CR 17:303-324 (2001)  -  doi:10.3354/cr017303

Large-scale circulation classification, weather regimes, and local climate over France, the Alps and Western Europe

Guy Plaut1,*, Eric Simonnet2

1Institut Non Linéaire de Nice CNRS, Université de Nice - Sophia Antipolis, 1361 route des Lucioles, 06560 Valbonne, France
2Laboratoire de Météorologie dynamique du CNRS, Ecole Polytechnique, 91128 Palaiseau, France

ABSTRACT: By applying the dynamical cluster algorithm to large-scale circulation patterns at various tropospheric levels (Z700, Z500, and SLP [sea-level pressure]), we obtain the so-called weather regimes (WRs). WRs are the cluster central patterns; there is no subjectivity at all involved in the procedure. A red noise test allows one to select the best number of clusters at each level. A comparison is performed between the different level classifications, and highly significant correlations are found. While previous attempts to classify daily circulations in a fully objective way were concerned with mid-tropospheric levels and could not go further back than 50 yr, here we classify 120 yr of SLP patterns. We arrive at the important conclusion that the same 5 WRs are found for the 3 periods 1880-1918, 1919-1957 and 1958-1997. The linkage between these WRs and the local tangible weather is then investigated for both temperatures and precipitation. It is found that the instantaneous departure of local weather from average climate is highly correlated with the WRs, making this approach a challenging and coherent description of local climates. The atmosphere does not merely evolve around its mean state, but instead spends more time around a few peculiar (large-scale) states with specific consequences for local weather. As a result, the WRs may provide a reliable (and moreover fully objective) framework for building downscaling algorithms appropriate for local climate change studies.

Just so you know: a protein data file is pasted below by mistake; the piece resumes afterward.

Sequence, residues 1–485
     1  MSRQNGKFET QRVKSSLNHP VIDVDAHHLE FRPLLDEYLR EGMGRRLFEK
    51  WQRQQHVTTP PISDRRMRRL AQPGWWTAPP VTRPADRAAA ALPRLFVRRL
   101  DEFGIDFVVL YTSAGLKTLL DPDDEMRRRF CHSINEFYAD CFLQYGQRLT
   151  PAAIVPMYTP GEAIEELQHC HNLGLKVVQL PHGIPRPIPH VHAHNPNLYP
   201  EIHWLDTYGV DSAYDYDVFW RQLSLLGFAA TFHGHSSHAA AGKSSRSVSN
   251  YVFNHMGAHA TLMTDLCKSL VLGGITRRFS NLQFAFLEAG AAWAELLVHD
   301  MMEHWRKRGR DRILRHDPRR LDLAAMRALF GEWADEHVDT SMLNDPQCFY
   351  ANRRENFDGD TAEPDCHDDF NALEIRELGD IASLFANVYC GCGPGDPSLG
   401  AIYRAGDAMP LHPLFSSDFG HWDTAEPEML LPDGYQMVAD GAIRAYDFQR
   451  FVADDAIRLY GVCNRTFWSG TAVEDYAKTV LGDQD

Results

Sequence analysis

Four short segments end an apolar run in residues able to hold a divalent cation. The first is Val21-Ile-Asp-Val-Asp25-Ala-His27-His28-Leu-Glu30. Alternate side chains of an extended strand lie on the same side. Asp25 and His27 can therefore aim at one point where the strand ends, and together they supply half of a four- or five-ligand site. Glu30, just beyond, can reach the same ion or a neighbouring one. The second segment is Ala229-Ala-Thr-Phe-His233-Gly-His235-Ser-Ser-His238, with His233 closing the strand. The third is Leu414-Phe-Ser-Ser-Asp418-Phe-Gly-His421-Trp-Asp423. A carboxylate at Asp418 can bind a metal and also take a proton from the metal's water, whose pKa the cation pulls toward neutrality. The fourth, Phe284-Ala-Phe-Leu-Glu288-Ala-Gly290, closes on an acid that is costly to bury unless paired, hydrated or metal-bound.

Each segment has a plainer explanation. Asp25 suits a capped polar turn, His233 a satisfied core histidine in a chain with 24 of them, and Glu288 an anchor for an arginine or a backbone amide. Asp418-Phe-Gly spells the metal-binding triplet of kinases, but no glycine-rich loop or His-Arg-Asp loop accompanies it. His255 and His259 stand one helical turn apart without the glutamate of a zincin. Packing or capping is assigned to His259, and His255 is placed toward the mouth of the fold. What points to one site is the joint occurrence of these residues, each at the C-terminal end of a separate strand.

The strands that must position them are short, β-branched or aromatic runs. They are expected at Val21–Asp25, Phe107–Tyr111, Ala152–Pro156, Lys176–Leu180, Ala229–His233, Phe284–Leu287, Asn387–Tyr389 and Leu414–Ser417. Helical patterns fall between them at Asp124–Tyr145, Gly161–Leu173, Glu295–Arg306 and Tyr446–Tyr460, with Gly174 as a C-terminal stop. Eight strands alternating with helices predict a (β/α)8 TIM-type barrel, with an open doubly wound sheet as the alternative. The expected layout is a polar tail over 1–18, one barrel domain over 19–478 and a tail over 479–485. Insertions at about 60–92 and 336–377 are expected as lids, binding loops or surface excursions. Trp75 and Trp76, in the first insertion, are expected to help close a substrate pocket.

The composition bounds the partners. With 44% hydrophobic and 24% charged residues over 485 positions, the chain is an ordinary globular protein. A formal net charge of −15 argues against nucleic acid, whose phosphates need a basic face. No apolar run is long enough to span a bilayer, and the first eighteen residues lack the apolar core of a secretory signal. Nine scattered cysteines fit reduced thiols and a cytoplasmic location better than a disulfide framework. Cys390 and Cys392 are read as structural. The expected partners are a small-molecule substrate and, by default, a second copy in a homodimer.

KEY WORDS: Classification · Large-scale circulation · Weather regime · Local climate · European Alps · France

Full text in pdf format